11. By the way, Bob, your account of your experience with Roberto Canelo does make very interesting reading.

    Thanks for that and the current post.

  12. Bob: …it is time to sit up and listen.

    Forgive my scepticism, Bob, but my reaction is more to sit up and observe even more critically the persistent inconsistencies between what is preached and what is practised by touring professional show dancers.

    Here, it is worth reflecting on how people new to tango and confirmed class-goers acquire and increase their knowledge of tango. Most dancers I come across neither read nor contribute to blogs such as this; they know nothing of reliable sources such as Tango and Chaos or Tango Voice. Even if they do eventually make it to Buenos Aires, they are often directed (by prior commercial arrangements, one suspects) towards particular teachers who peddle a version of “tango for export” with which they are previously familiar. What knowledge they do have is mostly that derived from regular class lessons and workshops with touring professionals where the focus is ever and always on expanding the repertoire of complex choreographic elements ill-suited for social dancing. In commercial terms, this makes perfect sense: it successfully convinces people that in order to dance, they need to keep signing up for classes for years on end. Now, an important part of this commercial package is the role played by the touring professional who raises the profile of the school while apparently providing external (authentically Argentine!) validation of the approach taken there in terms of content and focus. Whatever their written pronouncements, it is in their demonstrations and accompanying workshops that they show where their true vocation lies: it is resolutely not in the promotion of social tango.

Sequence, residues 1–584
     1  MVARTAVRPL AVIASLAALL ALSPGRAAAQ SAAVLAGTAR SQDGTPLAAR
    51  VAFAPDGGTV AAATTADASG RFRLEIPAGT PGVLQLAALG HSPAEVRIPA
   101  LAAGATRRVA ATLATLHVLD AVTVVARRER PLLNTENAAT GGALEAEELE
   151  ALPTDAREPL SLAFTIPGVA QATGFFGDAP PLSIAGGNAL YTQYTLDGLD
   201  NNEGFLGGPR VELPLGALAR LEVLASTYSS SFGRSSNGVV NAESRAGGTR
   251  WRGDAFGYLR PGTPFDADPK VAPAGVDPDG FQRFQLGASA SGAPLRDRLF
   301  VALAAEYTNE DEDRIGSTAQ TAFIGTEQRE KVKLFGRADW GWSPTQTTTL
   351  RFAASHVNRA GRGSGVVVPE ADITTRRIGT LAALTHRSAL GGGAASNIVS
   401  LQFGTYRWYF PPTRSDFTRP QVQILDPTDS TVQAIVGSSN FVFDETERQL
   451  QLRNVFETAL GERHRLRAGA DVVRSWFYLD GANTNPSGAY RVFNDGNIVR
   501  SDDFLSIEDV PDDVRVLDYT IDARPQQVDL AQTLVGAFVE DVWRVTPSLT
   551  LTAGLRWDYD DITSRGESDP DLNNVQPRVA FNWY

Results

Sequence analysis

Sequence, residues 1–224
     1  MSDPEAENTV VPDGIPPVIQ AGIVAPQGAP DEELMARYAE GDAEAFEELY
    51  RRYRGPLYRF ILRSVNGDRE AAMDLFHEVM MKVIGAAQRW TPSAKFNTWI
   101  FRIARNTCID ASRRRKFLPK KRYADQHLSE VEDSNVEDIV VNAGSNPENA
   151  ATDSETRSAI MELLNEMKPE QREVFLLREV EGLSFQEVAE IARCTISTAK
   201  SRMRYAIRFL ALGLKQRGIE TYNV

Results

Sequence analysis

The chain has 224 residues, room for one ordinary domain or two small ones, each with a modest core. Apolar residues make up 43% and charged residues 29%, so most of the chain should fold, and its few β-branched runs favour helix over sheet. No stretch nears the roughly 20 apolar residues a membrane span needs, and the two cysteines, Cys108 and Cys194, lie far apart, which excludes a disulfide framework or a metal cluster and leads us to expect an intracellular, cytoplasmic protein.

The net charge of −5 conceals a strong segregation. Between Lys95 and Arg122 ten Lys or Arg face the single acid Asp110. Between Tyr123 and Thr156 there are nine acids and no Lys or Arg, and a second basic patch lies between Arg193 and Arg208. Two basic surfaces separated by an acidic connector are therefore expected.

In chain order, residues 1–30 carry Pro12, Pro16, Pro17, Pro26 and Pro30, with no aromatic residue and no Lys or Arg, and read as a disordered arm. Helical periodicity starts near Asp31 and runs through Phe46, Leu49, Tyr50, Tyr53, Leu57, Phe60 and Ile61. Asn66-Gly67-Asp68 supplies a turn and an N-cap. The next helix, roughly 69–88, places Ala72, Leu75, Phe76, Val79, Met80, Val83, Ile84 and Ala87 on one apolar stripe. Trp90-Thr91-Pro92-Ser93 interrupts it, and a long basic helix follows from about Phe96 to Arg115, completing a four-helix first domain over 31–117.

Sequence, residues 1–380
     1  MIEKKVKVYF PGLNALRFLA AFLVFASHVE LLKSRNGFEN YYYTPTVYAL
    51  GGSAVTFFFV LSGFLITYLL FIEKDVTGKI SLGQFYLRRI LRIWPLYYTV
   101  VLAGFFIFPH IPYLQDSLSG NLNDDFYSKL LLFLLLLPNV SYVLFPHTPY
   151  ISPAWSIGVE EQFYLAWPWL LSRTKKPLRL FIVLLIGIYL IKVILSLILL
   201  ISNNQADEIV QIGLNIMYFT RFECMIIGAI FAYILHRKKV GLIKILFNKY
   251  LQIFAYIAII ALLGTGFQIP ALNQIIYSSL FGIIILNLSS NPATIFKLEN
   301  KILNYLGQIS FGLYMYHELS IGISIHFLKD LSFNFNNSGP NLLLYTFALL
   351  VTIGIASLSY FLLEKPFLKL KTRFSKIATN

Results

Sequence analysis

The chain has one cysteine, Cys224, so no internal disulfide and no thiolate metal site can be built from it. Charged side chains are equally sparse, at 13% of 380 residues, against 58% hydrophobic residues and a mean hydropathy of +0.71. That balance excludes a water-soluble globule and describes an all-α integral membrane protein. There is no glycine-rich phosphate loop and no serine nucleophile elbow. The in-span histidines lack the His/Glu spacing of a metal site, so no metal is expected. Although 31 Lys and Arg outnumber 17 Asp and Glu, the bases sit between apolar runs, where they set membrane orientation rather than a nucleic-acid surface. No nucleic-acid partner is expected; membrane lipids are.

As interest in tango grows, competition among both local and touring professionals increases; there is also an ever increasing need felt by professionals to self-publicize and to position themselves astutely on the market in that a way that appeals to as wide a range of potential customers as possible. So, we should expect professional show dancers and choreographers every now and then to intone their pious concerns for the future of social dancing; equally, we should note the presence of that wholesome-sounding, environmentally friendly variety of organic tango whose promoter struggles to articulate anything beyond the vacuous. Eventually, if we wait long enough, we may even one day see marketed a “kick-in-the-ass detox tango bootcamp.” In suggesting this, I dearly hope I am not putting ideas into the heads of some unscrupulous professionals lurking round these parts.

    So, here’s another idea that I put about before but somewhere else. Let show tango dancers and professional choreographers who upload their performances to YouTube append a suitable health-warning that reads something like this:
    Viewers interested in learing social dancing should take note that 95% of what is shown in this video is entirely unsuitable for social dancing in a milonga.

    To show some goodwill, we can negotiate on the accuracy of the percentage on a case by case basis. Now, if anyone knows of any professional who is willing to rise to this challenge, please let me know. I would be delighted to send both reporter and professional performer a very friendly postcard in recognition of their helpful gesture towards the promotion of social dancing.